“If I focused on all of the struggles I face everyday I would always have something to complain about."

An inspirational young Dunshaughlin man who became paralysed from the shoulders down after suffering injuries in a freak swimming accident on holiday in Portugal in 2012 has spoken of how after facing such adversity he is now helping others to overcome challenges in their lives.

Jack Kavanagh (28) was working as a lifeguard and windsurfing instructor when he went on holiday with friends to Portugal in 2012 before starting his second year studying pharmacy in Trinity College.

He was enjoying the water and diving into the waves all day, but on the last dive he hit a hidden sandbank and snapped his neck.

Jack’s injuries resulted in him being quadriplegic and admits he “had to learn to do everything from scratch again.”

Now working as a life coach, speaker and facilitator, the Dunshaughlin man has launched “The Only Human Podcast” where he and guests discuss how “everyone is both a masterpiece and a work in progress.”

He is also relaunching his award winning Amazon Prime documentary “Breaking Boundaries,” a TV show that sees him and some close friends embark on an adventure trip around the West Coast of America.

Speaking on that fateful day in 2012 Jack said:

“At the end of the summer I went away on a holiday with some of my best friends and on the first day as I had done so many times that day I ran down the beach and dived into the water over a wave not realising how shallow it was and my head collided with a sandbank and I broke my neck.

After Jack gave a Ted talk, more and more people wanted him to share his story

“I was on a ventilator, I was paralysed from the arm pits down, from the shoulders down originally then I gradually regained 15 percent muscle function.

“I spent a couple of weeks in intensive care then I flew back to Ireland and eventually ended up in rehab and that was really like starting from scratch again like a baby, my first job was to learn to breath unaided.”

“I remember waking up in intensive care with tubes going down my nose and throat and my head in a cage, I became aware of one my best friends walking around the bottom of my bed and he was smiling but crying.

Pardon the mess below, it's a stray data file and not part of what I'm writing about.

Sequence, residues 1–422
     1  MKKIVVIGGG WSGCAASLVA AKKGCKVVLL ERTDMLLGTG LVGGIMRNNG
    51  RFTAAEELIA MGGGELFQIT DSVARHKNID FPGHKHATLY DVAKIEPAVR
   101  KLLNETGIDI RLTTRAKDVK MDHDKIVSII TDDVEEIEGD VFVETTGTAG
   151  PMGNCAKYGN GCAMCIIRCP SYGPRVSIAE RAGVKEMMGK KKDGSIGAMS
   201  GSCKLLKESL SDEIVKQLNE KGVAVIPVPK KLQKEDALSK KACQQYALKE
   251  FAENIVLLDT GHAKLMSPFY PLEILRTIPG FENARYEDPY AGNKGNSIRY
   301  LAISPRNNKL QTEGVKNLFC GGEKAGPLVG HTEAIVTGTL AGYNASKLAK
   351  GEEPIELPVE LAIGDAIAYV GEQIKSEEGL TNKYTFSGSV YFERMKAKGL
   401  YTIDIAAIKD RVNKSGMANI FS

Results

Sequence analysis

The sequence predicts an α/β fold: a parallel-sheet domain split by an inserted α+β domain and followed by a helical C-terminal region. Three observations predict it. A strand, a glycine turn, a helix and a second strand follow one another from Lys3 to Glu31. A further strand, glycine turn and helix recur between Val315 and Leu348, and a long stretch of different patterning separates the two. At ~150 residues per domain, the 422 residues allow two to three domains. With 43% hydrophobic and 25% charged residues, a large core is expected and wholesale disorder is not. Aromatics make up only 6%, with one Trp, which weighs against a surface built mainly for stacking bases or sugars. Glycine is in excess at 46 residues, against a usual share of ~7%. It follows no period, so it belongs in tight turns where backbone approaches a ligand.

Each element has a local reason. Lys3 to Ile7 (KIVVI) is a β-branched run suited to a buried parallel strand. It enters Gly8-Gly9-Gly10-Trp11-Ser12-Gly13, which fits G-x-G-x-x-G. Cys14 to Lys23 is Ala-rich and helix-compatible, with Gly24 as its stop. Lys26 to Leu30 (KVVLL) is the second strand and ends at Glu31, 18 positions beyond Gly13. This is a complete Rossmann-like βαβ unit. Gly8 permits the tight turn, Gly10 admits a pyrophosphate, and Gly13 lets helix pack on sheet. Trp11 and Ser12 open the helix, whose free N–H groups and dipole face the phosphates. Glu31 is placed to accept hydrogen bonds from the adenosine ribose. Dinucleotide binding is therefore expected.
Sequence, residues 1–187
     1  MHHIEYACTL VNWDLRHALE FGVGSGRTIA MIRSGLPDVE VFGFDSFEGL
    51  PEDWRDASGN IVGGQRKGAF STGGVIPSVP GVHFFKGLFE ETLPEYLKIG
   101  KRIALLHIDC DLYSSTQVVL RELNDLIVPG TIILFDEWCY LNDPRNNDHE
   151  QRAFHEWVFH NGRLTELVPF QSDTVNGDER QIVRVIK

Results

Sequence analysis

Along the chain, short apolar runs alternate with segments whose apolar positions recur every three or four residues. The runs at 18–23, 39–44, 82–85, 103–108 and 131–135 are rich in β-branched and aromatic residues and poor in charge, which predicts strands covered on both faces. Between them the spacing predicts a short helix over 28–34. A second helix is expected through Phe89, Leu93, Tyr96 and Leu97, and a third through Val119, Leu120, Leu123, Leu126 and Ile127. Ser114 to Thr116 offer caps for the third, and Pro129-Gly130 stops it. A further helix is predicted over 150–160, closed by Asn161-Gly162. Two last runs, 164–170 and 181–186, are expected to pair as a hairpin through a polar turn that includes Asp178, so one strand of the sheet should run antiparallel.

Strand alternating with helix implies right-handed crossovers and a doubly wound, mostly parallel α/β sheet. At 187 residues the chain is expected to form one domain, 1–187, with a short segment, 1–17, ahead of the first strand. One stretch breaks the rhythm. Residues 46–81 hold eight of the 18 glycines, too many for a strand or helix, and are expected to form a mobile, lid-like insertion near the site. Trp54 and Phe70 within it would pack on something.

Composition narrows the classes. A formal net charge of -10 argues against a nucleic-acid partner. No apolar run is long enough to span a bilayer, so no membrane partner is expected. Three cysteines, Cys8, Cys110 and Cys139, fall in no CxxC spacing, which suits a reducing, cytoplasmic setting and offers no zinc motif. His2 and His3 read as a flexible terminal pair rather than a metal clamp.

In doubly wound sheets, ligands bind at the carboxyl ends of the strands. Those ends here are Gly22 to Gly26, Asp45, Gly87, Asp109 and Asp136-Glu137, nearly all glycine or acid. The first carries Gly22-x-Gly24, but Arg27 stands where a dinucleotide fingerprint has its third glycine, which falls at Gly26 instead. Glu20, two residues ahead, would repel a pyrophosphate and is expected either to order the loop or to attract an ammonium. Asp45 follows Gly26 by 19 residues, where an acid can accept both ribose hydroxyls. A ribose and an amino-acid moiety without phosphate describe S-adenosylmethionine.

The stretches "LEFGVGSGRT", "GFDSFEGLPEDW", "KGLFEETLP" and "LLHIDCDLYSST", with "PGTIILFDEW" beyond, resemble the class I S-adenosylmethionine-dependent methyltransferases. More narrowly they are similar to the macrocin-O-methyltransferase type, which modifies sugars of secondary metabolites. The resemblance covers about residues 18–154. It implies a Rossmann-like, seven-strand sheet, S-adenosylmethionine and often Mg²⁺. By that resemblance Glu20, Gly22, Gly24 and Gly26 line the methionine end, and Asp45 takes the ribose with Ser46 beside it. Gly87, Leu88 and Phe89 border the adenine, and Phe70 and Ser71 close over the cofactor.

“I couldn’t speak but I just mouthed the words, it’s going to be ok, that was my first decision, now I completely fell apart after that many times but that was my first decision.”

Thirteen months later when he moved out of home and back to college the only person that wasn’t surprised was Jack.

“It would take me three hours with the assistance of two people to get everything that I needed to do just to get up in the morning, I would be so exhausted half way through the day that I would be falling asleep at the desk.

family and friends by Jack's bedside as he recovered in hospital

“People saw it as a physical struggle but there was a mental and emotional struggle there as well and I hit some dark places at times but I also overall had a very good outlook

“Gradually I started to adapt and began to minimise the impact the spinal injury was having and built in a routine and was reclaiming independence.”

It took a village to give him the strength to persevere and forge ahead with life despite his challenges according to the determined former pharmacist who said:

“My family and friends were absolutely instrumental. People talk about resilience and they think it’s an individual thing but it is dependent on so many different factors, when you are in periods of struggle it’s the cheerleaders and supporters around you that give you the capacity to continue to be resilient to whatever you are going through.”

“People began to ask me to start sharing my story, I was always quite articulate but I didn’t really want to be the centre of attention, so whenever I spoke I would use this phrase that “my story is just your story written in different words,” the essence of that is that I would talk about what I was going through and pull out very human lessons that I was learning a long the way in the hope that others would be inspired to persevere with their own challenges.

The life coach had been working as a lifeguard and windsurfing instructor before his accident

“I then did a Ted Talk and that really began to open a lot of doors and from there I went to make a documentary called Breaking Boundaries.

“Having been told that I would never travel again follows story of me and some of my best friends travelling the west coast of America doing all sorts of things that you’d never imagine a quadriplegic in a wheelchair doing like white water rafting and sky diving, that adventurous spirit in me never really died.

“The centre of everything I do is that I fundamentally believe that everyone has magic within them and what we need to do to get people to see that for themselves is to create environments where they feel less disillusioned and they feel more connected to themselves and people around them.

“And where they have permission to lower the masks that they wear in doing so you give someone the permission to let the potential or the magic they have flourish.

“If I focused on the 85 percent of my body that wasn’t functioning, that would be a horrible world to live in, if I focused on all the things I couldn’t do anymore that would be a horrible life to live.

“If I focused on all of the struggles I face everyday I would always have something to complain about.

“I didn’t want to live a life like that, I chose to see possibility and to go after opportunity, that was by no means the easier path.

“Ultimately the relationship I have with myself is the most important thing and if that’s a hostile place to be everything else in my life Is going to suffer.”


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